30

10

Table 2: Classification accuracies of C4.5 and BayesNet

Data SetC4.5BayesNet

Our-method

93.07

94.02

92.52

87.67

74.34

Full-Set

94.06

93.91

90.03

58.90

87.33

Our-method

94.06

94.02

90.40

68.49

87.82

H-S

93.06

94.02

90.56

68.49

87.18

Full-Set

94.06

86.12

92.73

83.56

74.08

H-S

93.06

93.90

91.86

86.30

73.41

Zoo

Ticdata

Optdigits

Test lung s3

Letter recognition

6Conclusion

We have studied the feature selection methods for high-dimensional data sets. We have formally

generalized feature-selection measures applied in so-called filter methods. For our study, we have

considered the mRMR measure as an instance of this generic measure. We also proposed a new

search method to get the globally optimal subset of relevant features. Further on, we transformed the

mRMR optimization problem into a polynomial mixed 0 − 1 fractional programming (PM01FP)

problem. From this PM01FP problem, we used our improved Chang’s method [3] to get a mixed

0 − 1 linear programming (M01LP) problem with linear dependence of the number of constraints

and variables on the number of features in the full set. We applied the branch-and-bound algorithm

to solve that M01LP problem. Experimental results show that our method outperforms the Peng’s

method [1] by removing additional 10% of redundant or confusing features from the original data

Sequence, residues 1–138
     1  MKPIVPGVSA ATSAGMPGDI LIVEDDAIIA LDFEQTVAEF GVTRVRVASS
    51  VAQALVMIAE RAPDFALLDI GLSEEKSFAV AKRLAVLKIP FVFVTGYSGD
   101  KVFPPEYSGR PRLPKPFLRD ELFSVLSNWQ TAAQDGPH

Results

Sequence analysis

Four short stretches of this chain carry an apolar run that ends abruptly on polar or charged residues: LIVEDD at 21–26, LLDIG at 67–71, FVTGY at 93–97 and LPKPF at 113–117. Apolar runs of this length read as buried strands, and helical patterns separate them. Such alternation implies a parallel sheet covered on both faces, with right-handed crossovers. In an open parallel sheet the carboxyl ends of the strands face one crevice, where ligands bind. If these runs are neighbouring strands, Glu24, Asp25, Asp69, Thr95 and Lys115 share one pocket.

set, while keeping or yielding even better classification accuracy. Our new method can also be

applied to any measure instances derived from the defined generic measure of filter methods.

References

[1] H. Peng, F. Long, and C. Ding. Feature selection based on mutual information: criteria of max-

dependency, max-relevance, and min-redundancy. IEEE Transactions on Pattern Analysis and Machine

Intelligence, Vol. 27, No. 8, pp.1226-1238, 2005.

[2] M. Hall. Correlation Based Feature Selection for Machine Learning, Doctoral Dissertation, University

of Waikato, Department of Computer Science, 1999.

[3] C-T. Chang. On the polynomial mixed 0-1 fractional programming problems, European Journal of Op-

erational Research, vol. 131, issue 1, pages 224-227, 2001.

[4] J.R. Quinlan, C4.5: Programs for Machine Learning, Morgan Kaufmann, 1993.

[5] R.O. Duda, P.E. Hart, and D.G. Stork. Pattern Classification. John Wiley& Sons, USA, 2001.

[6] TOMLAB, The optimization environment in MATLAB. http://tomopt.com/tomlab/.

[7] UCI data sets. http://archive.ics.uci.edu/ml/.

[8] I. Guyon, S. Gunn, M. Nikravesh and L.A. Zadeh. Feature Extraction: Foundations and Applications.

Series Studies in Fuzziness and Soft Computing, Physica-Verlag, Springer, 2006.

[9] H. Liu, H. Motoda. Computational Methods of Feature Selection. Chapman & Hall/CRC, 2008.